Empirically Derived Sensitivity of Vegetation to Climate Across the Globe
Quetin, Gregory Ross
MetadataShow full item record
To predict the response of vegetation to climate change, we must understand the physiological processes controlling productivity across large spatial scales, encompassing global climate space. To date there is not a fully empirical map of vegetation sensitivity to climate at the global scale. We use the response of satellite-based greenness (from Normalized Difference Vegetation Index) to inter-annual climate variations in surface air temperature (from ERA-Interim) and precipitation (from Global Precipitation Climatology Project) to derive the sensitivity of vegetation to temperature to infer mechanisms of climate constraint on vegetation productivity across the globe as represented by greenness. We focus on how the sensitivity of vegetation to temperature varies across climate space, finding that it is modulated by a balance of resources. The majority of grid cells in simultaneously warm (above ~14 \degree C) and dry (below ~1000 mm/year rainfall) conditions have negative vegetation sensitivity to temperature (browner in warm years) while at places with cooler temperatures the vegetation sensitivity is generally positive (greener in warm years). The mean annual temperature boundary between positive and negative sensitivities changes by 9 degrees C depending on how much rainfall a place receives. At very high rainfall levels (beyond 3000 mm/year), even the hottest vegetated places on Earth have positive sensitivity to mean annual temperature. The positive temperature sensitivity of these warm wet ecosystems suggests that water allows buffering against damaging maximum temperatures and that these ecosystems may actually benefit from near term warming on the scale of inter-annual variations of temperature.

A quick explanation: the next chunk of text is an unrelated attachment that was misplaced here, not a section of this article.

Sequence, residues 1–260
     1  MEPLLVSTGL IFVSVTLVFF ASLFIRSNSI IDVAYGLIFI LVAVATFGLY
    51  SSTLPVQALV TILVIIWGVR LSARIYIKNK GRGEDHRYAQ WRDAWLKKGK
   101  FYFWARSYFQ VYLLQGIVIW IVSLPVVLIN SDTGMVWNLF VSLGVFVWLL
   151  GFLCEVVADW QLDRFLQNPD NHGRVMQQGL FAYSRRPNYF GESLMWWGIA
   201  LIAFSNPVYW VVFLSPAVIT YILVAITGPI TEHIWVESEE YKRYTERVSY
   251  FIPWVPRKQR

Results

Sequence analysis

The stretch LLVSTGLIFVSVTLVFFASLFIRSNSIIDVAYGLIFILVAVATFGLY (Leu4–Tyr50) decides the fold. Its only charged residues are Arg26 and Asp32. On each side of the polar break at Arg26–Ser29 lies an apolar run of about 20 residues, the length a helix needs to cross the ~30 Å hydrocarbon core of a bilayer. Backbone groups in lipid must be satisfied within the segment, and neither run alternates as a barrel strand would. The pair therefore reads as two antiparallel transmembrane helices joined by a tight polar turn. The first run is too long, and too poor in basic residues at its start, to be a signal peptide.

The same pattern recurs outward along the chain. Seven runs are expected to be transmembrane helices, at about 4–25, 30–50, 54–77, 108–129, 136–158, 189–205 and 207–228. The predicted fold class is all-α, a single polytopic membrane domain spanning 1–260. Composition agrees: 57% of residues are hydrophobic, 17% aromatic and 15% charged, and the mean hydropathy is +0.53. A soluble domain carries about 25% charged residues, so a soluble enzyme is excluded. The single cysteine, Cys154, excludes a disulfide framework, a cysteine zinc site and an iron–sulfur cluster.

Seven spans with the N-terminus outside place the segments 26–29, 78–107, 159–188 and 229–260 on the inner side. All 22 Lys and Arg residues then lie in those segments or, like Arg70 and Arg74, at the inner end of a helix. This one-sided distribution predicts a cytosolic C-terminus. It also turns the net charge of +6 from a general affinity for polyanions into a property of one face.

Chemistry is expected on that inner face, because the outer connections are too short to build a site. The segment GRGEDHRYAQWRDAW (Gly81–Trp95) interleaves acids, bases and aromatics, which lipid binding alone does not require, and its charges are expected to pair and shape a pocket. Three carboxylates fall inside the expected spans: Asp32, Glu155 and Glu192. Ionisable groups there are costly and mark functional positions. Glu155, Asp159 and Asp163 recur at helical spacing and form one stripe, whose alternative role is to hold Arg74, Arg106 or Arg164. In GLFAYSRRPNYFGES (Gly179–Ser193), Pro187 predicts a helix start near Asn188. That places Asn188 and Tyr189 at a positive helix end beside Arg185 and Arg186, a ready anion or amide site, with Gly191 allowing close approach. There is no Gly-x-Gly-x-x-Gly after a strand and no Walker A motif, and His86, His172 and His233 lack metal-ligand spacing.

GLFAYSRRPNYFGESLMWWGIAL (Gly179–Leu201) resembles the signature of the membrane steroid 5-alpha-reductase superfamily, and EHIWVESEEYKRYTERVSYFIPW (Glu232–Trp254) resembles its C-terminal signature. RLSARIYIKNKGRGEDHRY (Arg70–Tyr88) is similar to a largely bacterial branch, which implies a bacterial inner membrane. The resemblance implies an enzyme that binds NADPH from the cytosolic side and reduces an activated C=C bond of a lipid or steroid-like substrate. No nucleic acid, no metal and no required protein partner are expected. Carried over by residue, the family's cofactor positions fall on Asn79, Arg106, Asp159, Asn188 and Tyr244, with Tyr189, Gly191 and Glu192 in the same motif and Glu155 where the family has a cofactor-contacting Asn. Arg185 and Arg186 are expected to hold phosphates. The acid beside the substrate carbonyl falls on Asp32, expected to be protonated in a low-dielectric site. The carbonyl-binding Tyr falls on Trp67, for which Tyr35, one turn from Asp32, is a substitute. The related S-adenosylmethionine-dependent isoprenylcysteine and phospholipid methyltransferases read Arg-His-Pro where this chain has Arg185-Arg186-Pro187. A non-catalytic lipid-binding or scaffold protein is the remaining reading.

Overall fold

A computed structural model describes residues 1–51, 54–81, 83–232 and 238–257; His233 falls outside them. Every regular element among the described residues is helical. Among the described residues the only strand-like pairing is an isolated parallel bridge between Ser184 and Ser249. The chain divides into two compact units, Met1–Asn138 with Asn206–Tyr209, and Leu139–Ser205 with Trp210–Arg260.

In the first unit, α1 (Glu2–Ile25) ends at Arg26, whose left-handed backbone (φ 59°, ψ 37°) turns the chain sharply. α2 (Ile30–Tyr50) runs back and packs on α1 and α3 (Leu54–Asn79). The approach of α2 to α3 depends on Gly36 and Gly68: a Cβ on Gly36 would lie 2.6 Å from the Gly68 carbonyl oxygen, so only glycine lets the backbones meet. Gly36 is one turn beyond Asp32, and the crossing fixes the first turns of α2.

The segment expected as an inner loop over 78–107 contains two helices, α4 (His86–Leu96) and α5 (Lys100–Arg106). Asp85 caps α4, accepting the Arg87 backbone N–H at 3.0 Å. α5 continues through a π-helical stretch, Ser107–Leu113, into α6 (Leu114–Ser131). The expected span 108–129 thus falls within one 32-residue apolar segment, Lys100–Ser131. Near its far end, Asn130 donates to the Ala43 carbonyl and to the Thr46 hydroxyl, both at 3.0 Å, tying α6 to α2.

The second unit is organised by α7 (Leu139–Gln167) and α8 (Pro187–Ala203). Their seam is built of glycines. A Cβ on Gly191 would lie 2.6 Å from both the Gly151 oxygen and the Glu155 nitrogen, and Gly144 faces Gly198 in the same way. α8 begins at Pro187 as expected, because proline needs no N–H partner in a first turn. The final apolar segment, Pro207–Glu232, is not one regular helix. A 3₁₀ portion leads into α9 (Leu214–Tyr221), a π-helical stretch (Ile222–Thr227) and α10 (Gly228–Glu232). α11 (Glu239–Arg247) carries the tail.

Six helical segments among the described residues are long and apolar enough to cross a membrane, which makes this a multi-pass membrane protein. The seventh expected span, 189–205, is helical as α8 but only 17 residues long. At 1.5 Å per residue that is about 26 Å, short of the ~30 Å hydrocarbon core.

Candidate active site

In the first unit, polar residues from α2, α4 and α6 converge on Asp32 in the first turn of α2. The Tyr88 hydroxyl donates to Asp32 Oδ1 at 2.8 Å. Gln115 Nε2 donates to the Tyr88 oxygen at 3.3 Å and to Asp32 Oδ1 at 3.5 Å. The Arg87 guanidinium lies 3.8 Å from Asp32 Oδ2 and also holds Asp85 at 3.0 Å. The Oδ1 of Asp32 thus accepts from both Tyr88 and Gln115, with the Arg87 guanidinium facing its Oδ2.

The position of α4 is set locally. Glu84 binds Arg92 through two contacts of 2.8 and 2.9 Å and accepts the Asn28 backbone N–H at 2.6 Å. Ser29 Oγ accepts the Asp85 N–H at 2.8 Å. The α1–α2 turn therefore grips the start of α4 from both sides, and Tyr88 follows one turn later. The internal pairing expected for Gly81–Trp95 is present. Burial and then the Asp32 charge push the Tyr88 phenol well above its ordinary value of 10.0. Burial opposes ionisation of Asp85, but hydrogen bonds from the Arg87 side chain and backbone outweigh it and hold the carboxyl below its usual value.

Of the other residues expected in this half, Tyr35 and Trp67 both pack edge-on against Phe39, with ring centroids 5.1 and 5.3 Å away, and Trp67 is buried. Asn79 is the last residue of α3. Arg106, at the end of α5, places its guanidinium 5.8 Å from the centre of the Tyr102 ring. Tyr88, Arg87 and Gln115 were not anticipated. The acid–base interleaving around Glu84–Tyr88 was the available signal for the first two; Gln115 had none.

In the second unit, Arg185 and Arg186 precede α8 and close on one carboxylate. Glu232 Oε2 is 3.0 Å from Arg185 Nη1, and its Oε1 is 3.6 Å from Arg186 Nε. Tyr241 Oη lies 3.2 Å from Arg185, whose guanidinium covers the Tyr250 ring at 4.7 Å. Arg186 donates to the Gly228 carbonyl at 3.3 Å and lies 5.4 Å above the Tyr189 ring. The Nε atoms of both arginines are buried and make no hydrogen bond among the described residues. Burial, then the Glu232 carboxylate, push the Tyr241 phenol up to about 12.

- Atmospheric sciences